On October 4th, 1873, Kidd triumphed in The 13th Open. In doing so, he became the first player to win the Championship at St Andrews and the first Champion Golfer to be presented with the famous Claret Jug.
For the first 11 editions of The Open, all held at Prestwick, the Champion had won the Challenge Belt, but Young Tom Morris claimed that prize as his own when he recorded a third successive victory in 1870.
There was no Championship the following year, but a new trophy was settled upon in September 1872 when Prestwick, the Honourable Company of Edinburgh Golfers at Musselburgh and The Royal and Ancient Golf Club at St Andrews agreed to share the organising and staging of The Open.
The Claret Jug, a silver pitcher made by Mackay Cunningham & Co in Edinburgh, was not ready in time for The 12th Open in 1872, when Young Tom Morris recorded his fourth consecutive victory at Prestwick.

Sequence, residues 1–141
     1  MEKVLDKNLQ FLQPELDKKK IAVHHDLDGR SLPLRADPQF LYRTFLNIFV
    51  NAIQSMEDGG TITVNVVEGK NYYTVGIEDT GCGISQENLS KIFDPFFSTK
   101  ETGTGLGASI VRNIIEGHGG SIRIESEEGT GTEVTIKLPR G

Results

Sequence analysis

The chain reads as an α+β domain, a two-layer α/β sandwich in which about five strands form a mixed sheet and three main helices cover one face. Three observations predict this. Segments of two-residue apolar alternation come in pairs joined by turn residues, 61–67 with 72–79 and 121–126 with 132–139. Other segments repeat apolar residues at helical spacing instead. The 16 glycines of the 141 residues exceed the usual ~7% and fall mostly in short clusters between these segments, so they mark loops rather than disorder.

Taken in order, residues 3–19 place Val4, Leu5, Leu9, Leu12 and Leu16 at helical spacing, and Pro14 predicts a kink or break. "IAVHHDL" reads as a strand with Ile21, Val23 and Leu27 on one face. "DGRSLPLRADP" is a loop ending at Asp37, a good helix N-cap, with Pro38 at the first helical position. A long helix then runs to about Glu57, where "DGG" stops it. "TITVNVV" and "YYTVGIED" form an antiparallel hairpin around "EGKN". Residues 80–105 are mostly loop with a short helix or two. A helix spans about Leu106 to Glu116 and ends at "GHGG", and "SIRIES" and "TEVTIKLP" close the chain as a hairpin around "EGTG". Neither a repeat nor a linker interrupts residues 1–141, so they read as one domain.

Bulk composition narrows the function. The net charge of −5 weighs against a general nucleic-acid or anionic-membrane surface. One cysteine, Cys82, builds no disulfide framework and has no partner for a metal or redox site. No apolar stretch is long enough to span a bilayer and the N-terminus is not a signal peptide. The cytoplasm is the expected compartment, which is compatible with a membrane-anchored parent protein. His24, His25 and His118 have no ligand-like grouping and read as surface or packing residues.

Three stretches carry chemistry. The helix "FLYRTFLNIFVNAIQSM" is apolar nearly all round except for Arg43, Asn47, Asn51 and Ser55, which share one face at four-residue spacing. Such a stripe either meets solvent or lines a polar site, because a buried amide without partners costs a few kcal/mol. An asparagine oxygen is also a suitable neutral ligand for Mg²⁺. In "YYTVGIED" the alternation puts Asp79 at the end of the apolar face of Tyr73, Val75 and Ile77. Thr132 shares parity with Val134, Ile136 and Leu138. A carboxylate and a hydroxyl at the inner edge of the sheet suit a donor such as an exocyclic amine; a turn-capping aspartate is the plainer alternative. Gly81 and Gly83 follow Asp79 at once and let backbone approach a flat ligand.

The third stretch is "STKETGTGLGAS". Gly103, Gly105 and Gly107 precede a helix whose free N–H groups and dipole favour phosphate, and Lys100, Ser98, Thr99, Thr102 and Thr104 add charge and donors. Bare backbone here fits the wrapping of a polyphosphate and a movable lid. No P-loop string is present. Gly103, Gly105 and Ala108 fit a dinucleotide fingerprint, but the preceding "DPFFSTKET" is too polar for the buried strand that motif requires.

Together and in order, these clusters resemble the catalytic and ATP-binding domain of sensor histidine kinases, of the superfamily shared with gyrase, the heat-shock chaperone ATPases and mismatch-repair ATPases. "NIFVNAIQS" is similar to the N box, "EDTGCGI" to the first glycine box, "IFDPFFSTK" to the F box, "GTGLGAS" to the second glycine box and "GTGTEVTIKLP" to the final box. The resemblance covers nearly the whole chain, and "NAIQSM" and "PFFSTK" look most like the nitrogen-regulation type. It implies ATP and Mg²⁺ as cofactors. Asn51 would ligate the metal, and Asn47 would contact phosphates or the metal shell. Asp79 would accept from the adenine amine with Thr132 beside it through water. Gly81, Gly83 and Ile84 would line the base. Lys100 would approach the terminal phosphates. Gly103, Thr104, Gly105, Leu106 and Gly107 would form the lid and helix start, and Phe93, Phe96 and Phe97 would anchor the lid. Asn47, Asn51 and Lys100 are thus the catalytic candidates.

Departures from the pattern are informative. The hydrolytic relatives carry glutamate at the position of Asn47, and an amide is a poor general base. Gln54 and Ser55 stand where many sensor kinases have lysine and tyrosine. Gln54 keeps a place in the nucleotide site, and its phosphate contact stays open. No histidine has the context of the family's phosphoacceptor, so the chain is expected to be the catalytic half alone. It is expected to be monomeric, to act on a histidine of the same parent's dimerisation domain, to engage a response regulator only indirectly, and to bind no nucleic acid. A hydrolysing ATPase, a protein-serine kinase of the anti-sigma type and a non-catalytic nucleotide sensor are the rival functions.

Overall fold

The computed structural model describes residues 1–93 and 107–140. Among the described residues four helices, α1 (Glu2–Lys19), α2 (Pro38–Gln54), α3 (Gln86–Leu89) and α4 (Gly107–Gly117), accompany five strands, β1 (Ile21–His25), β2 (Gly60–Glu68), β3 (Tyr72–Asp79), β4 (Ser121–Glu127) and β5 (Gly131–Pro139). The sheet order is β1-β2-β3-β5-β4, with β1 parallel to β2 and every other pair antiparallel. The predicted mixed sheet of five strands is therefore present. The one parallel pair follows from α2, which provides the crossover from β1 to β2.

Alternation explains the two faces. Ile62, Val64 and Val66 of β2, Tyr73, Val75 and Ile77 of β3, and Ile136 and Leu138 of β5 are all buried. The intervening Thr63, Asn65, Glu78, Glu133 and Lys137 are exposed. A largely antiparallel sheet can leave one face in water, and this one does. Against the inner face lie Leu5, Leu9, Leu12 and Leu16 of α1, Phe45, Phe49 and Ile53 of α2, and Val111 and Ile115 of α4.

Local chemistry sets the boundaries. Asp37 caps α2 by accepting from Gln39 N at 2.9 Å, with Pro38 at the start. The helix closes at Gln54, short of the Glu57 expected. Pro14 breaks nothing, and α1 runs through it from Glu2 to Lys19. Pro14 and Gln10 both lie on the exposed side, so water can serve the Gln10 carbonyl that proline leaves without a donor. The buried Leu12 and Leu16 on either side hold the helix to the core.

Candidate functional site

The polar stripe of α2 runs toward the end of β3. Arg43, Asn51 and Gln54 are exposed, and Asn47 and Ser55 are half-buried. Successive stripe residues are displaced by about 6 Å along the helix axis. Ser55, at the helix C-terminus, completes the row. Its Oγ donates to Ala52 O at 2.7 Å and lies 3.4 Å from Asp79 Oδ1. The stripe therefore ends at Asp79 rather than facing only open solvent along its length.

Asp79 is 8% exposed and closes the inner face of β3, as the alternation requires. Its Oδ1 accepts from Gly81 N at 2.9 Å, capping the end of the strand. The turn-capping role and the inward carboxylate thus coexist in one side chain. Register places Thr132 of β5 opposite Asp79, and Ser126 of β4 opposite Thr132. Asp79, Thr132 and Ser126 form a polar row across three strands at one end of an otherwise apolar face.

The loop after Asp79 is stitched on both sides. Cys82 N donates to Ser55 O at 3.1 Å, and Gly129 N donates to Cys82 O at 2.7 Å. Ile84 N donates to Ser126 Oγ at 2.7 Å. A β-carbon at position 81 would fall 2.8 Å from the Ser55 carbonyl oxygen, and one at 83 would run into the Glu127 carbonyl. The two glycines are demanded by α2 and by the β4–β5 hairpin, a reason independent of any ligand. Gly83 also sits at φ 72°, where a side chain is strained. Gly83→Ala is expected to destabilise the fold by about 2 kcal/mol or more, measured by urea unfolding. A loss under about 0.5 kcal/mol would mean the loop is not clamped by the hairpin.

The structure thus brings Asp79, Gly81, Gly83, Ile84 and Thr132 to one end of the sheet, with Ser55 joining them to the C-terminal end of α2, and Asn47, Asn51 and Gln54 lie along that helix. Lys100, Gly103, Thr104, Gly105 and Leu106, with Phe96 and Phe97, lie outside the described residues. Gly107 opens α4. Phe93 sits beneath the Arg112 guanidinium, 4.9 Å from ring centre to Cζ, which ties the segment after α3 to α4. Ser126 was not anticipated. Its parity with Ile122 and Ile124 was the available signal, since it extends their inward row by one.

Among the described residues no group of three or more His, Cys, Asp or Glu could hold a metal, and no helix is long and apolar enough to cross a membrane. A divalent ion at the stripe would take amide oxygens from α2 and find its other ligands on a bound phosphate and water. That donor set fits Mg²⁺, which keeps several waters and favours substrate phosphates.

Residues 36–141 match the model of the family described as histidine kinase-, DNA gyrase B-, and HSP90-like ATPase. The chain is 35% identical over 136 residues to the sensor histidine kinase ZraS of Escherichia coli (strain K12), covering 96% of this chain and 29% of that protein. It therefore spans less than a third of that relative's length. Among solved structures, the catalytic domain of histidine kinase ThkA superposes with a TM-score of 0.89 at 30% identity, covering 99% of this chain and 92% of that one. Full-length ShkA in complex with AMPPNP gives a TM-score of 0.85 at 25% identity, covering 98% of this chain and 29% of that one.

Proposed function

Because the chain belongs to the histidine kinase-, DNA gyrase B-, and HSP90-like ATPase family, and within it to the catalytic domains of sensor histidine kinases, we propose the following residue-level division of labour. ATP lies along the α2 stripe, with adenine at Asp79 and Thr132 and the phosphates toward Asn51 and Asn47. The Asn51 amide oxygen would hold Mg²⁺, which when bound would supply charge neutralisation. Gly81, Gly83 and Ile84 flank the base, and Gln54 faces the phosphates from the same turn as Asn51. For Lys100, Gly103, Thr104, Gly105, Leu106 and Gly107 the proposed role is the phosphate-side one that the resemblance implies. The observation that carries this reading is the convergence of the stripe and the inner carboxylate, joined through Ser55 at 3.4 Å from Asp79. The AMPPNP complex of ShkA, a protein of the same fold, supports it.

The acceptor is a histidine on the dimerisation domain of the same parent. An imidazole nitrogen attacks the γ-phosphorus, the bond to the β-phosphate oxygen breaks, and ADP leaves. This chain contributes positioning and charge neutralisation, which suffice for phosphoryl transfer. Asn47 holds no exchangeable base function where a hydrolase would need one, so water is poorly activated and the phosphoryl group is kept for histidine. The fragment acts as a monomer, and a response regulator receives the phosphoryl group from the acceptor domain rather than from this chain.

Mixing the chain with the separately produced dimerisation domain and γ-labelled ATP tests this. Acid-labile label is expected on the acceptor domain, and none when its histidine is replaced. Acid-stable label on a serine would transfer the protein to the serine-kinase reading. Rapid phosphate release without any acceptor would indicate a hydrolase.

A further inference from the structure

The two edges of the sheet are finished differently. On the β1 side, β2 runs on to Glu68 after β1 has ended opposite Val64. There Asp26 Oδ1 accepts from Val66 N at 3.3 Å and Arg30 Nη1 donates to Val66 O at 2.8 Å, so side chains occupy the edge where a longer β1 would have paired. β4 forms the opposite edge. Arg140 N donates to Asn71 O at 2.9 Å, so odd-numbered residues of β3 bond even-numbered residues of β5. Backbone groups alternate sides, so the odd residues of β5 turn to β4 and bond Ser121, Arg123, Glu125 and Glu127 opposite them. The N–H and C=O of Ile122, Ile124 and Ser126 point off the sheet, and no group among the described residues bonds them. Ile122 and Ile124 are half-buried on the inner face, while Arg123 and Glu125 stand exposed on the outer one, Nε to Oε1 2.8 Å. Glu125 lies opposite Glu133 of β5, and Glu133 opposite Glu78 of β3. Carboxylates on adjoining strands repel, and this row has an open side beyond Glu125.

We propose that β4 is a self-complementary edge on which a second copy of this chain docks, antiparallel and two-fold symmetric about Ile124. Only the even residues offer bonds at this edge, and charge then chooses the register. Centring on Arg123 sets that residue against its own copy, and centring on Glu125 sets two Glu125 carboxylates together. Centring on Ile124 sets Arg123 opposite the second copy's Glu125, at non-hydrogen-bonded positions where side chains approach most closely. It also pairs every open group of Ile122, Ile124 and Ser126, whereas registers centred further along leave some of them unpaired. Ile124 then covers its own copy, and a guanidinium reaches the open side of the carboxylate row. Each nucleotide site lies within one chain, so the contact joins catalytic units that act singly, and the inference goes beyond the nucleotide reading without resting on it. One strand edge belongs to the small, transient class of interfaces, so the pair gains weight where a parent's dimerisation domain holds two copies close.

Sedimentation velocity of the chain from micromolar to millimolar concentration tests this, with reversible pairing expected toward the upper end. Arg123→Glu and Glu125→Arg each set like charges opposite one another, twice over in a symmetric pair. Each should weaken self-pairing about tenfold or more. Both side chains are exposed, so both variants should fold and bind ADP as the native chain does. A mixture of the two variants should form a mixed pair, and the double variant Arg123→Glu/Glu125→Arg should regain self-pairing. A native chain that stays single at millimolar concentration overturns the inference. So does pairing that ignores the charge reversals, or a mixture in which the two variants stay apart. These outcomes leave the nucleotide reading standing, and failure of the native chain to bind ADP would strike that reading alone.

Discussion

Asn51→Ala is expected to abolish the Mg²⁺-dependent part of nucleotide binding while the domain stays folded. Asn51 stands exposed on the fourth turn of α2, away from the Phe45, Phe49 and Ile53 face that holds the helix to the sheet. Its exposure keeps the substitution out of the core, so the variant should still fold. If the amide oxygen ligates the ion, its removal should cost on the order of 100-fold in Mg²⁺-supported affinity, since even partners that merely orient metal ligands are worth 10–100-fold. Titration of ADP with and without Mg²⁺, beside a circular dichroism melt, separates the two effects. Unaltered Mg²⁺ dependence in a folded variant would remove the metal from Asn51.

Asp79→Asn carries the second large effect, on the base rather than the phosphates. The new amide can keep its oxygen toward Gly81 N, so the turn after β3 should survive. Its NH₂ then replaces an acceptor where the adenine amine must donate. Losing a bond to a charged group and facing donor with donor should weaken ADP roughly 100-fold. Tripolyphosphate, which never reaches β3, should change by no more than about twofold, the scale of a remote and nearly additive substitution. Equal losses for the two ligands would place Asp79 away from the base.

However, when St Andrews took on hosting duties for the first time in 1873, the iconic trophy - inscribed with Young Tom's name against the previous year - was presented to the Champion.
Kidd, a St Andrews caddie, was the man to secure the silverware following a 36-hole Championship played in hugely challenging conditions.
Days of torrential rain had left the Old Course almost unplayable, with countless pools of standing water across the links.
As a result of the saturated course, a rule was created that dictated a submerged ball could be moved to a drier spot, no nearer the hole, but at the cost of a penalty stroke.
Scoring was understandably high, with Kidd, Jamie Anderson and Bob Kirk all shooting 91 in the morning's first round to share the lead.
Kidd then seized control of the Championship with a superb outward nine in the afternoon and, although he found the homeward stretch tougher, he pipped Anderson by one shot with an aggregate total of 179.